15 Top Paying Certifications for 2015
It's mid-February as I write this blog post, or about the usual time at which Global Knowledge has ace instructor John Hales describe the findings of their annual salary survey as it relates to IT certification. The new Top 15 list has a lot in common with last year's list
but offers up some new items as well. For me, what's missing is as interesting as what's present, so I'll offer up some ideas on that as well.
The methodology for compiling the listings requires that enough survey respondents cough up salary information to make the numbers (which are averaged for all those who respond with their pay rates and the certs they hold) statistically significant. Neither Mr. Hales nor GK chooses to divulge how many respondents must chime in for their numbers to be counted in this survey, but I suspect it's somewhat more than a handful and probably less than two dozen for each item that appears therein. This also explains why some obviously high-paying certifications are missing from this set of survey results -- namely, not enough respondents professed to possess them to register on the radar (though some came close, as revealed in their discussion of items 16-25, which they also include in their eminently read-worthy article entitled "15 Top Paying Certifications for 2015," which includes lots of useful information about the certs covered therein). I should probably also disclose that I've know Mr. Hales since the late 1990s, and that he and I have worked together on several IT cert related projects, including some Exam Cram books.
Here's a tabular version of the results of the survey as reported in the article, for rankings 1-25:
|Certified in Risk and Information Systems
|Certified Information Security Manager
|Certified Information Systems Security
|Project Management Professional
|Certified Information Systems Auditor
|Certified Scrum Master
|Cisco Certified Design Associate
|Citrix Certified Professional -
|Cisco Certified Network Professional
|Juniper Networks Certified Internet
Associate - Junos
|Microsoft Certified Systems Engineer
|ITIL v3 Foundation
|Certified Ethical Hacker
|Vmware Certified Professional - Data
|Certified Novell Engineer
|Citrix Certified Advanced Administrator
for XenApp 6
|Citrix Certified Enterprise Engineer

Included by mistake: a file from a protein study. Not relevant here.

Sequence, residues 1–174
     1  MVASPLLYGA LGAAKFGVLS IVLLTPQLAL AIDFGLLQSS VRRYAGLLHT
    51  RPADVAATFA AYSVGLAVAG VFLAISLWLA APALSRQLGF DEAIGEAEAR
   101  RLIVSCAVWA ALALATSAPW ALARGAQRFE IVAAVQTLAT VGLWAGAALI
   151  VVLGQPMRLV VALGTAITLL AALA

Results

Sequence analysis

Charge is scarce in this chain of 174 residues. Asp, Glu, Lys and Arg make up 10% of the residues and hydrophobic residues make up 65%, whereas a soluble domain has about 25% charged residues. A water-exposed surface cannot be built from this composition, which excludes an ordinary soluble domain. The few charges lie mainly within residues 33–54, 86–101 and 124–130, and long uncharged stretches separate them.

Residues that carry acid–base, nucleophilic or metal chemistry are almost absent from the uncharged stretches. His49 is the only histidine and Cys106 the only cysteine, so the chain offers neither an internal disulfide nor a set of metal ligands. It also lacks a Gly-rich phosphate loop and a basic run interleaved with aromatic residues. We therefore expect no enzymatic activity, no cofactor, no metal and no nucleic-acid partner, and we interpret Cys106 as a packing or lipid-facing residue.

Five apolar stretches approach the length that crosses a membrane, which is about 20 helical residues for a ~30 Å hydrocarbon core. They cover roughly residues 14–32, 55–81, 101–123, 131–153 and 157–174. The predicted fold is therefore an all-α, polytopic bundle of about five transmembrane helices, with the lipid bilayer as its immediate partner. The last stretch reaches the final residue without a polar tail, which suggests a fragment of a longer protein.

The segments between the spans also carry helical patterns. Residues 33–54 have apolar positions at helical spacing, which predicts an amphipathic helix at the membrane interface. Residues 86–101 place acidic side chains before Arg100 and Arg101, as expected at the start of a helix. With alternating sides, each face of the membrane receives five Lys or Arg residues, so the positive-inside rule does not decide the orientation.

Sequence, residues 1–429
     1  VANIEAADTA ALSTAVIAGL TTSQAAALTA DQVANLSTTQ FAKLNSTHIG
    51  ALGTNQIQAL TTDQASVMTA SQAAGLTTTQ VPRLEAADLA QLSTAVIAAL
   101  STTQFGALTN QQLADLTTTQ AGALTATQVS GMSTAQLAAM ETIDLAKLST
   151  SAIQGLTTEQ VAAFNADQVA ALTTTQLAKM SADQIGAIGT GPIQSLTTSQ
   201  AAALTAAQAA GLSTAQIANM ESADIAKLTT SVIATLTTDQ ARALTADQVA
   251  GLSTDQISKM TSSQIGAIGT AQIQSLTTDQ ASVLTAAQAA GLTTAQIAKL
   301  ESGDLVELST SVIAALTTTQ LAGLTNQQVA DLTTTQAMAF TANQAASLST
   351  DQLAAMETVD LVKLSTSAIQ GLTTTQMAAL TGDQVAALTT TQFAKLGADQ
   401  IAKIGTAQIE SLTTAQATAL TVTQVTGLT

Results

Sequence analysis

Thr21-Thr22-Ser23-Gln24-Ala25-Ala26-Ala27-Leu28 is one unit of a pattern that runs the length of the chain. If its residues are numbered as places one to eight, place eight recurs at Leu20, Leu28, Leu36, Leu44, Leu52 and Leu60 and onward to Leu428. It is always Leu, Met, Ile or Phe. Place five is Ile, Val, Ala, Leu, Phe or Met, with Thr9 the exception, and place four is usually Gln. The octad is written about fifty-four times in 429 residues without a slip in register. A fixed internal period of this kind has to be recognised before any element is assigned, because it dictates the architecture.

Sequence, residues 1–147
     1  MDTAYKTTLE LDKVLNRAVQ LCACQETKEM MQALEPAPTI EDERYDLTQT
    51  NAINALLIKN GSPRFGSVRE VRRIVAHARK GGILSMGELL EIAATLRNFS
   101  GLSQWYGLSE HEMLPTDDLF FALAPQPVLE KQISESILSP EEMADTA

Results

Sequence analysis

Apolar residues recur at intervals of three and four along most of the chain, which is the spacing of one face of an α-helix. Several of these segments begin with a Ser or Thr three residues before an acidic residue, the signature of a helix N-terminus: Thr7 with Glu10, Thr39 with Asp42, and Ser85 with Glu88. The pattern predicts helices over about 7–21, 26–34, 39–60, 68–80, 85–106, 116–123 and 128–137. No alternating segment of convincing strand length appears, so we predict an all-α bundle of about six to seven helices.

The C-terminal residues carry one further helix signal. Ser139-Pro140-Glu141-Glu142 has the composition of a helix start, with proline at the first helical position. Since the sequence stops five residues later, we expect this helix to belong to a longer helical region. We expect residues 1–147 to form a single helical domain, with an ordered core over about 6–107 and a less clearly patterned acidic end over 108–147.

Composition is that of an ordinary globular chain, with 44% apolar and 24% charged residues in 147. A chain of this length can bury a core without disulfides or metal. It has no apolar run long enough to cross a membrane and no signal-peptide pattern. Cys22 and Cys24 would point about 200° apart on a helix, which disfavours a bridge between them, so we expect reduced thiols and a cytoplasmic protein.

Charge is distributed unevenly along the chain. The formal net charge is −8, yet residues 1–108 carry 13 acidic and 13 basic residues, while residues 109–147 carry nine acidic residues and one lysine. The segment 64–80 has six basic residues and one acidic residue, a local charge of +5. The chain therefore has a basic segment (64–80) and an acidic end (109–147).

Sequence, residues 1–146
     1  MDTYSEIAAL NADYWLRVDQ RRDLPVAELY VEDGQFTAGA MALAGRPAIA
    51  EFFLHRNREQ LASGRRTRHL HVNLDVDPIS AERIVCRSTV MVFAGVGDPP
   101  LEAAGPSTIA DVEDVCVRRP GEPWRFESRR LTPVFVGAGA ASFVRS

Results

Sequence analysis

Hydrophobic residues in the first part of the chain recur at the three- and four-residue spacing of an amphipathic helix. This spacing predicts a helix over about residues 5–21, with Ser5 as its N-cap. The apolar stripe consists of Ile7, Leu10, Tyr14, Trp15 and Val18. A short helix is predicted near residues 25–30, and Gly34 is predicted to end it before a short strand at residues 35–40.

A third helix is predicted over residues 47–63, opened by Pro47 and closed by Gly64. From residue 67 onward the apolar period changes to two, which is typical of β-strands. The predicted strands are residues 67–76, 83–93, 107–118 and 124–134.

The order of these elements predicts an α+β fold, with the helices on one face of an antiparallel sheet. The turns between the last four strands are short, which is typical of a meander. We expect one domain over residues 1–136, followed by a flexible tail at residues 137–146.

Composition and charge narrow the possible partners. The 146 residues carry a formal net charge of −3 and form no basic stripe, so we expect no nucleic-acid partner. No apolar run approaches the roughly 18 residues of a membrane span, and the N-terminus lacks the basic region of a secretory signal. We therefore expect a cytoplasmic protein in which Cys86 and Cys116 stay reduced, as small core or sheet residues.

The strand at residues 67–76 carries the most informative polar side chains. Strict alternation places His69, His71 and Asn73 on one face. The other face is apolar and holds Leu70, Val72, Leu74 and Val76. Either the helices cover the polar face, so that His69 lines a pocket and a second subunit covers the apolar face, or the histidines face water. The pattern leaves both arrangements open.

|Citrix Certified Associate -
|Citrix Certified Administrator for Citrix Xenserver 6
|Citrix Certified Associate for Citrix
Xen Desktop 6
|Microsoft Certified IT Professional:
|CCA for Citrix XenApp 6
|Red Hat Certified System Administrator
|Certified Novell Administrator
|Microsoft Certified Systems Administrator
To begin with, there are some interesting elements in this table. Information security and related disciplines clearly come out on top, as they have in most of the recent such surveys Global Knowledge has published. Infrastructure stuff and virtualization are also quite strong, as you'd expect them to be. I find it fascinating that the older MCSE and MCSA versions register on this radar (with Engineer and Administrator in their names) but not the newer versions of same (with Solutions Expert and Solutions Associate in their names). Equally fascinating is that, so many years after its heyday has come and gone, Novell certifications such as CNE and CNA still fill slots in this lineup. I also find myself wondering if the large number of Citrix certs in the list (over 25% of the slots,with 60% of the final 10 items) reflects the population that Global Knowledge serves, or the general IT population as a whole (this strikes me as a higher proportion than I would expect to find from the overall IT population, but I could always be wrong).
As to what's missing -- in a word, seniority. Because more senior credentials like the Cisco CCIE and CCAr, the Expert level VMware credentials, higher level ITIL certifications, and so forth, are held by correspondingly fewer members of the survey population (and the overall population as a whole, I hasten to add -- this is not a criticism of the GK survey by any means) they don't really register on its radar either. That doesn't mean that salaries for individuals who hold such credential aren't higher than what's reported here (I have to assert that they most assuredly pay more than any of the certs that made the top 15 or 25 slots in this survey ranking), it just means they don't show up in this particular set of data. What can you take away from this information? Some degree of certainty that if you keep climbing the certification ladders that are relevant to the items that DO show up in the survey, your compensation should climb along with your increased level of accomplishment, skills, and knowledge. This is in part a function of scarcity (the pyramid used to represent cert programs is apt, in that there's less room for occupancy as you get closer and closer to the pointy end at the top) and a function of demand for ever-more specialized, demanding, and difficult sets of skills and knowledge.
Good stuff overall, and an excellent guide to where mid-career folks might be steering their training and certification efforts, as well as a set of signposts beyond what's covered or mentioned in the survey as to even better paying positions in the thinner ranks above those credentials.